With a new year comes new resolutions, quite a lot of which relate to food. Eating less of it, eating better things, making more from scratch and thinking about how what we consume affects the planet.
Last year I tried to kick start myself into having at least one veggie day a week. It worked quite well, but I don't think it made me eat more healthily. Evening meals of macaroni cheese or home made pizza are delicious (even if I say so myself) but swapping lean meats like chicken for dairy products like cheese probably won't make me any leaner.
But the reason for trying to cut back on meat was mainly for environmental reasons not the health benefits. According to the Vegetarian Society's website eating less meat will reduce my carbon footprint, save water, save land and protect the seas. Sounds pretty good! At the moment, I'm having roughly 2 veggie days a week, which isn't fantastic in green terms but is better than nothing. However, is my switch from meat to dairy products really any better for the environment?
As long as I'm consuming animal products the animals still need to be grown, fed and given water to survive. It's common knowledge that animals use more land than plants to grow, and lots more water too. According to vegetarian author John Robbins it takes 60, 108, 168 and 229 pounds of water to produce one pound of potatoes, wheat, maize and rice respectively. A pound of beef needs more than 20,000 pounds of water and to produce one litre of milk it takes nearly 1,000 litres of water. That's a lot.
So, should I be cutting out dairy products, or even all animals products too?
I'm not ready to go vegan or fully veggie yet, but for the environment I can see that we need to eat less meat and probably consume less dairy too. But it doesn't have to be one after another, I don't have to tackle full vegetarianism before I can move onto cutting back on other animal products.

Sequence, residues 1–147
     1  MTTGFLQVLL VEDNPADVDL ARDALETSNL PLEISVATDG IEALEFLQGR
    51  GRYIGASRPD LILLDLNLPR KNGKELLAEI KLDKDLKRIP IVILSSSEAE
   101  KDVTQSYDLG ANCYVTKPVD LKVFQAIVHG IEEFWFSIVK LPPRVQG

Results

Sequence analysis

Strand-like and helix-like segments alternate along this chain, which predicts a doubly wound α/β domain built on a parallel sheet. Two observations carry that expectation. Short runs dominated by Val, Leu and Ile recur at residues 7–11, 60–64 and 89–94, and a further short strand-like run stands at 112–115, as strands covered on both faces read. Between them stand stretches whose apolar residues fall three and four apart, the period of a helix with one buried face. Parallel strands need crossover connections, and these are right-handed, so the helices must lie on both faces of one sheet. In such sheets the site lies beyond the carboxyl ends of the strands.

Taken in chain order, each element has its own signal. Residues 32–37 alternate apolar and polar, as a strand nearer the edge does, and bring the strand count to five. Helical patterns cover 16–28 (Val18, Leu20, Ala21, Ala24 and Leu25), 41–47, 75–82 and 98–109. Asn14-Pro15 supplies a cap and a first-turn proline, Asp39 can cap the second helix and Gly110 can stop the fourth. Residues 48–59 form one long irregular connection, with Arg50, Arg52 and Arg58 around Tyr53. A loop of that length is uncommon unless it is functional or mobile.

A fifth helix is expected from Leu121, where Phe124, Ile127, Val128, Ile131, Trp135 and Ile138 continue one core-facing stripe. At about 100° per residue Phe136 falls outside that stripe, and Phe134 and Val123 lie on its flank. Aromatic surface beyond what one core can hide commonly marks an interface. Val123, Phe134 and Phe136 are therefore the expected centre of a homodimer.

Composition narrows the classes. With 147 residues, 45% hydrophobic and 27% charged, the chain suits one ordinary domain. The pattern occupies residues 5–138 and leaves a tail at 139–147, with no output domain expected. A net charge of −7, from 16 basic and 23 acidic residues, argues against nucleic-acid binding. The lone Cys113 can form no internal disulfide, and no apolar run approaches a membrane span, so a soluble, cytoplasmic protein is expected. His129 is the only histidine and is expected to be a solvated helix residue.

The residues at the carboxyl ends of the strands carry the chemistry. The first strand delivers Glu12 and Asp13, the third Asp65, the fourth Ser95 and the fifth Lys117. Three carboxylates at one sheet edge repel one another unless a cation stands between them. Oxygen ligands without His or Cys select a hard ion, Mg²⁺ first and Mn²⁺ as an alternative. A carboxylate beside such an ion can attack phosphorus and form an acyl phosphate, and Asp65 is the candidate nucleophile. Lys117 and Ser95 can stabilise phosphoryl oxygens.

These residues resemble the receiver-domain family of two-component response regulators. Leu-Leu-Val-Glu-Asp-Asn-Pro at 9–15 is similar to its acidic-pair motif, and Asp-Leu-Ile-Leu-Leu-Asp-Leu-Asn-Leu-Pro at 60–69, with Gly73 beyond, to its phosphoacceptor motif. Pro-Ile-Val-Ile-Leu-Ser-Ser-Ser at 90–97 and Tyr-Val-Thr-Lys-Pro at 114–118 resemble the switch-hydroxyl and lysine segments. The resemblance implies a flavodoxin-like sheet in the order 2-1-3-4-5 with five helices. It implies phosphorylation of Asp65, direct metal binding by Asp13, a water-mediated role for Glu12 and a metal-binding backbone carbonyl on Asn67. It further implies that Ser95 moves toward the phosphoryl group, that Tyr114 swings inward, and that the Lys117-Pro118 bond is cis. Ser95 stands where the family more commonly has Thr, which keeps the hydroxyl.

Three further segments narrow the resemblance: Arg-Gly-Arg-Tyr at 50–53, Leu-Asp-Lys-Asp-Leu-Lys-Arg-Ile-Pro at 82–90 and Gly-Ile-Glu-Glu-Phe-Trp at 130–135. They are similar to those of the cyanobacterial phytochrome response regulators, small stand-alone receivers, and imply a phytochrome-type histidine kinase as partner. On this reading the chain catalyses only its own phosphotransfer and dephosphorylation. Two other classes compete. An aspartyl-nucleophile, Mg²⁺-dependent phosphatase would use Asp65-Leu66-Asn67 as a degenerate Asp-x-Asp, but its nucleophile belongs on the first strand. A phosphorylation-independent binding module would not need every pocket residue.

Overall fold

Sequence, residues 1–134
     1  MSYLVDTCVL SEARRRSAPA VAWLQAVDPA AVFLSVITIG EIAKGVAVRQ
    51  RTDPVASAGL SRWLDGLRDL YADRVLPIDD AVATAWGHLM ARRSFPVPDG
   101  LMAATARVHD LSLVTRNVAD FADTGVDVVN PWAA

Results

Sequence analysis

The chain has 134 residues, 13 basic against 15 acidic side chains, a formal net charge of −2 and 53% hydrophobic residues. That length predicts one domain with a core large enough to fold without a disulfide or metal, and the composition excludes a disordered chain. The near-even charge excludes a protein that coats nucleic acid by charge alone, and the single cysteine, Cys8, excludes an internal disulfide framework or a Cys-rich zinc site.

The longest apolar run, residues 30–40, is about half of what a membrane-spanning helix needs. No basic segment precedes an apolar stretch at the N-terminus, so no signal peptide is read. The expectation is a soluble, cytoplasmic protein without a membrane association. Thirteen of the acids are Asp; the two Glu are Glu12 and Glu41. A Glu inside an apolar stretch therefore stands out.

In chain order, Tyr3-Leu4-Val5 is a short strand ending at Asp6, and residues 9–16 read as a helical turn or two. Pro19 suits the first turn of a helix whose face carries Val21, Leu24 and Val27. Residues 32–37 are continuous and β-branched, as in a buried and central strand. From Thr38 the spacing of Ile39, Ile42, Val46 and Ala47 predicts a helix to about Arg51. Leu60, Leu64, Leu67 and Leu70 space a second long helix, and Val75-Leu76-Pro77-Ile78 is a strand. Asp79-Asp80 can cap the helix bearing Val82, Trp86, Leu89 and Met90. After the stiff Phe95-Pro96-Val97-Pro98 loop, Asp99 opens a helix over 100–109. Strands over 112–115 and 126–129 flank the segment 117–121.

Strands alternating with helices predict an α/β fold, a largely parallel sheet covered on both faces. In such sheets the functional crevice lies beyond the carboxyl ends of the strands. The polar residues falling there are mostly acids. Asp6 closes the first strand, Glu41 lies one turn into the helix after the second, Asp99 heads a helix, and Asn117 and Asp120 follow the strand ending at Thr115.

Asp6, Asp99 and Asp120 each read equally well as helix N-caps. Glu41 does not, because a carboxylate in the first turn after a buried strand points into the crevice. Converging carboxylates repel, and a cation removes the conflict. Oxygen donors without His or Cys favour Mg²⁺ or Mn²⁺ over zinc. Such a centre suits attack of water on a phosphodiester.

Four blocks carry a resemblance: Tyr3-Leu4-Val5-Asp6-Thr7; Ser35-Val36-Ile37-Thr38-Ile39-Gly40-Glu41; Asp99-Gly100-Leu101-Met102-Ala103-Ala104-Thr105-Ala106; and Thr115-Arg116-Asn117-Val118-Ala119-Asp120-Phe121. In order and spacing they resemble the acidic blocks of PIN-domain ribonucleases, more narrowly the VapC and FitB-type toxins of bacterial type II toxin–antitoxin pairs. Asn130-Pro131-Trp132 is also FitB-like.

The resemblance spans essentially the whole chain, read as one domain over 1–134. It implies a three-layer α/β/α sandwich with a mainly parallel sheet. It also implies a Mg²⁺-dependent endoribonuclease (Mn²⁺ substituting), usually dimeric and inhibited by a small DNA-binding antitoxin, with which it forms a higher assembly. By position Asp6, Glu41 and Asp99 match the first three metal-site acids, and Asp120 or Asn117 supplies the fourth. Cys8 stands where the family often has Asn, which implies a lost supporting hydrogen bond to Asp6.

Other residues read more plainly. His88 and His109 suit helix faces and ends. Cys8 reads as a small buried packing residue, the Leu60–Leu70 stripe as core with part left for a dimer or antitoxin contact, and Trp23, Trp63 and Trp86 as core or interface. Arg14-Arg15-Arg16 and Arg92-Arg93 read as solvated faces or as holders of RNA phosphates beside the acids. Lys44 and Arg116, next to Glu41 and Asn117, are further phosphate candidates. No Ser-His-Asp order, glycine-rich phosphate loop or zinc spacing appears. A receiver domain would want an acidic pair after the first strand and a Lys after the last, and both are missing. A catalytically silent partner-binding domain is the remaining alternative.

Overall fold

So that's the new aim, keep up two veggie days a week, but start to cut back on milk, cheese, butter and eggs as well.
In some ways this is quite easy. Nice healthy salads for lunch rather than my normal boring cheese sandwiches actually feel like an improvement tastewise as well as for health and the green credentials; while cooking vegetable soup on cold January evenings is warming as well as healthy (it's amazing how few calories mushrooms and celery have!).
Breakfasts is where it gets harder. A nice bowl of British grown oats with some dried fruit and milk is a great start to my day and it keeps me full right up until lunchtime salad. But what about that milk?
Over the last week I've been trying out soya milk (sweetened and unsweetened). So far, it's a success. It adds a nutty taste to my cereal (oats really don't taste very exciting) and while I was very wary about using it in tea it turns out to taste different, but good. I've bought a carton of almond milk too, to try out over the next week or so. We were surprised to find similar levels of calcium in soya milk compared to cows milk too, even if artificially added it still gives you what you need.
So, cutting back on dairy as well as meat might not be too hard after all. Keeping away from cheese and butter will definitely be healthier too! But there's still a niggling doubt about soya, and that's the rainforests.
I've always heard that rainforests are cut down to grow soya for milk and other products. I'm careful about what else I buy if it affects the rainforests, so does swapping to soya milk really do more good than bad? I'm not sure yet. But a vegan friend pointed out last summer that there is far more rainforest cut down for meat than there currently is for soya farms. Whatever we eat has to be grown somewhere and hopefully soya will need less land to grow than dairy milk.
Cutting back completely is obviously the best solution, but a diet of UK grown organic veg and pulses doesn't fill me with excitement. So for now its one veggie day and one vegan day a week with less cheese and butter, and soya over dairy milk whenever I can. We'll see how it goes!